First of all: you need to check out this album. Created by my friends Tyler, Adrienne and Amanda (with contributions from several other people, including me), it is the perfect encapsulation of how I feel about the west and the apocalypse.
It’s easier to believe in the end of the world when you’re out west.
Whether you’re staring into a pit of boiling mud so alkaline that it could melt your skin off Raiders of the Lost Ark-style if you fell in, or hiking underneath a 6-million-pound boulder perched on a slender neck of sandstone you can scratch with your finger, or coughing through the smoke of several million acres of forest up in flames, or simply riding along the empty hills— miles upon miles of scrub and sand and stone— with no food or water in sight, it’s easy for your mind to wander toward thoughts of destruction and chaos and the end of all things.
You see a pronghorn antelope trotting through the sagebrush; all the giant predators that hunted it during the ice age are extinct. You see a mountain meadow; a mile-deep glacier scraped over it eons ago, scalping the landscape down to bedrock. You see an interesting rock formation along the beach; a volcano spewed them here and heated them into jelly. The earth has been through so much violence, so much upheaval. What makes us think that we, with our little human inventions, could be safe from something at the scale of nature? All of Yellowstone is a sleeping supervolcano, and it won’t sleep forever.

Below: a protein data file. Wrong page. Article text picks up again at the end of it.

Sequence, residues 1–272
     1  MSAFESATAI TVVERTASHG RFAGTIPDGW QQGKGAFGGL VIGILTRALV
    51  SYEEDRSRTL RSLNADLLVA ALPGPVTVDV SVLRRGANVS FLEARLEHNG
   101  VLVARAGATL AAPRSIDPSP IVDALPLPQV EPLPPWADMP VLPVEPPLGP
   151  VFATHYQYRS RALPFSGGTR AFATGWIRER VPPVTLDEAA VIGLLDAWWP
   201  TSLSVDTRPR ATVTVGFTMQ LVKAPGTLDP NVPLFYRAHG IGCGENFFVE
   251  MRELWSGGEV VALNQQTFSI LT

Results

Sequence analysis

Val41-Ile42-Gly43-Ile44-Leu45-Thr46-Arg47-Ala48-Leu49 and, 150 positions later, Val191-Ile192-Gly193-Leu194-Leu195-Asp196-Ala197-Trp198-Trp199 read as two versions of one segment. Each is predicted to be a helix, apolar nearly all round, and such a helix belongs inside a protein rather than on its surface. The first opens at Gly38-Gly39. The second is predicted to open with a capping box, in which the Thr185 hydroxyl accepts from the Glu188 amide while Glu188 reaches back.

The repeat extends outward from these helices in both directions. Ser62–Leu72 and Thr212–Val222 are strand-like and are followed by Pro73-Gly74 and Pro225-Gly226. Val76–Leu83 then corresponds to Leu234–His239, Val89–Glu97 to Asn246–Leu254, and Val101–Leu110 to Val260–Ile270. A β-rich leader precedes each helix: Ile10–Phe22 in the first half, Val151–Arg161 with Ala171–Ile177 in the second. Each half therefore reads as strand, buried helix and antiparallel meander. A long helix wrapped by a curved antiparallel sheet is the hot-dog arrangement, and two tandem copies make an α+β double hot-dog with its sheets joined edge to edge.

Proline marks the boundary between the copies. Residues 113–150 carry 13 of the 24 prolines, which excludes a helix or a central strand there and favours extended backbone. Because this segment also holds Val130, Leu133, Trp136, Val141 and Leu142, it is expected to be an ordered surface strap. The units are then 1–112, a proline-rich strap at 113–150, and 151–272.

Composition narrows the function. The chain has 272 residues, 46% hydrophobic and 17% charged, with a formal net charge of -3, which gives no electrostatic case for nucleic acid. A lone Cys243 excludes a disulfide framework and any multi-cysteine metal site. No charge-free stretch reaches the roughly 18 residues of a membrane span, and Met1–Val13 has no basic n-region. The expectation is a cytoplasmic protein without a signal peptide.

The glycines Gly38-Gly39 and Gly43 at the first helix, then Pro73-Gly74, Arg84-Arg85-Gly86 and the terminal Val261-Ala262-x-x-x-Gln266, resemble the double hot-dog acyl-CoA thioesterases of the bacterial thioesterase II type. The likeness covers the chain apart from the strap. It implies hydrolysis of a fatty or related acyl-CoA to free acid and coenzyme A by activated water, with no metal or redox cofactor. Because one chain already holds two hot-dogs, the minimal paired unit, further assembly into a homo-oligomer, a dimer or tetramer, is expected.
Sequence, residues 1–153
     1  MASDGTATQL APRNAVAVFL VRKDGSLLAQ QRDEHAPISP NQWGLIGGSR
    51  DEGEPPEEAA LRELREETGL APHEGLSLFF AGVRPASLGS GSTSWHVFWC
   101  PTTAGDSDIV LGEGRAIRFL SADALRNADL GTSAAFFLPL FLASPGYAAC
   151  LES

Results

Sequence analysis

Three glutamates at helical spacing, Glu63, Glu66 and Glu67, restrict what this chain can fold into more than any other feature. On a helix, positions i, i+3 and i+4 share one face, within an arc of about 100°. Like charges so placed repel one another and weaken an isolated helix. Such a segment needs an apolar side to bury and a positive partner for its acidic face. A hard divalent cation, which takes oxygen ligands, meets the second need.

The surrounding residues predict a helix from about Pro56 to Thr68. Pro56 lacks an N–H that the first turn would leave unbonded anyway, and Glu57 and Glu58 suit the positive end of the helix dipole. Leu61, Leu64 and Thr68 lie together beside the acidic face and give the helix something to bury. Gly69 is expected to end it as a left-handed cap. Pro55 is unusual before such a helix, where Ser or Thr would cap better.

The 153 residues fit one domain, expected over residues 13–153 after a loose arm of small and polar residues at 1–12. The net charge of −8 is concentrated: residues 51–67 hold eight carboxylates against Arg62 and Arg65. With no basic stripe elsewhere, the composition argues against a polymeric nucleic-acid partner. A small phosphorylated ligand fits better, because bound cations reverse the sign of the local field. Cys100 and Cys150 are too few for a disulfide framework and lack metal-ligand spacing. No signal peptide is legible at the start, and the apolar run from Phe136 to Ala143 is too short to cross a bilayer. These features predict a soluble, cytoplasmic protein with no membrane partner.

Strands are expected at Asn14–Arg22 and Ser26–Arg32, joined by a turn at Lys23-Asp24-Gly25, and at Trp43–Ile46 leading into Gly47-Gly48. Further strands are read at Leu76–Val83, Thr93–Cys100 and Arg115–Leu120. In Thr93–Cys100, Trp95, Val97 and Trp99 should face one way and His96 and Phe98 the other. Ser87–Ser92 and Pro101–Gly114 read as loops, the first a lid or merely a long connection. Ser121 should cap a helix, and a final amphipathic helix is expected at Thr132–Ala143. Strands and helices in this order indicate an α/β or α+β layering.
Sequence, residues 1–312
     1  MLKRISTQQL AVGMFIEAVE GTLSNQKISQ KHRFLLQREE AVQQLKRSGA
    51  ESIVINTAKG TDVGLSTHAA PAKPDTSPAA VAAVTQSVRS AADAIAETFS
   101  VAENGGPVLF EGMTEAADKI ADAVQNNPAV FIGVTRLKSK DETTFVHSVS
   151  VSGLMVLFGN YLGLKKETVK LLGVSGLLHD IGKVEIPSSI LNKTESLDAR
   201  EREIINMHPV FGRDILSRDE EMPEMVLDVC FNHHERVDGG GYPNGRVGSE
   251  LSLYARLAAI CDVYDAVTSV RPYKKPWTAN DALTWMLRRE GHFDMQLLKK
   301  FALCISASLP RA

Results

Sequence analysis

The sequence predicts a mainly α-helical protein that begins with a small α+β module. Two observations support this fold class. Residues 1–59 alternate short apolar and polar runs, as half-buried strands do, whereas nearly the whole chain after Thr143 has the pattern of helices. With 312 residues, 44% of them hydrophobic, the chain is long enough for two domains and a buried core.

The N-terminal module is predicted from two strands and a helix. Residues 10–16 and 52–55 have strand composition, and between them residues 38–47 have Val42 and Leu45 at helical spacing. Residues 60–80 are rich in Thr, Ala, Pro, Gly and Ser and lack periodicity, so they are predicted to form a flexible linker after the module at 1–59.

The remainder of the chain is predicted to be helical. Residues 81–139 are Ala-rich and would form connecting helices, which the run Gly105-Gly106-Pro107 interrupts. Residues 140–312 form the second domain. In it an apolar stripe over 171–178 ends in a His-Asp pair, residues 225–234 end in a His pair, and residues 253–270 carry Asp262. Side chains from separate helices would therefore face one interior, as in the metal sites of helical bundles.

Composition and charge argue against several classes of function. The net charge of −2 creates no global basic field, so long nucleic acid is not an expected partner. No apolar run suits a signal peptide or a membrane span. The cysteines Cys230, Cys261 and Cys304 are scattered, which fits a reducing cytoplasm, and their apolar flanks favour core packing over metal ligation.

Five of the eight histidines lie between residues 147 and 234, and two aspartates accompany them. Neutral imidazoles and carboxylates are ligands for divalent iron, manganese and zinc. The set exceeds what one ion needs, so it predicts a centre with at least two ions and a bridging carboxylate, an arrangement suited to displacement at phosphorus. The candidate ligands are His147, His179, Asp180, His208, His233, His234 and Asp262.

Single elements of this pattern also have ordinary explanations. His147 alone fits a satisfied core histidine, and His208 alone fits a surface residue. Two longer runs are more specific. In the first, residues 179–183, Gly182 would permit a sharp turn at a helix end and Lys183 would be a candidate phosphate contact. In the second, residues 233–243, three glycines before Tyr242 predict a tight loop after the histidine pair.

“When Yellowstone blows up,” Kate told me at the farm in Idaho, “Billy and I are getting in our truck and driving toward the light.”
It doesn’t sound like a bad way to go.
Right now, much of the country is on fire, and some of it is underwater, or soon to be underwater. I look at the pictures wide-eyed: as much as I love the idea of resilience and self-reliance, all the canned goods and garden systems in the world can be swept away in a moment and smashed.
Yet here I am at my home in Missouri, balanced on top of a fault line, my house protected from the longest river in North America by a six-foot wall of dirt, and I put black-eyed susans into a mason jar because I think it looks pretty. The familiarity of Missouri keeps my mind safe from the apocalypse of the west. The cornfields protect me from the end of the world even as they cause it.
The sky is full of smoke, the earth is full of water, and I’m caught in between, trying to live life as best I can.
If I knew the world would end tomorrow, I would plant a tree today.
Keep planting trees, everyone.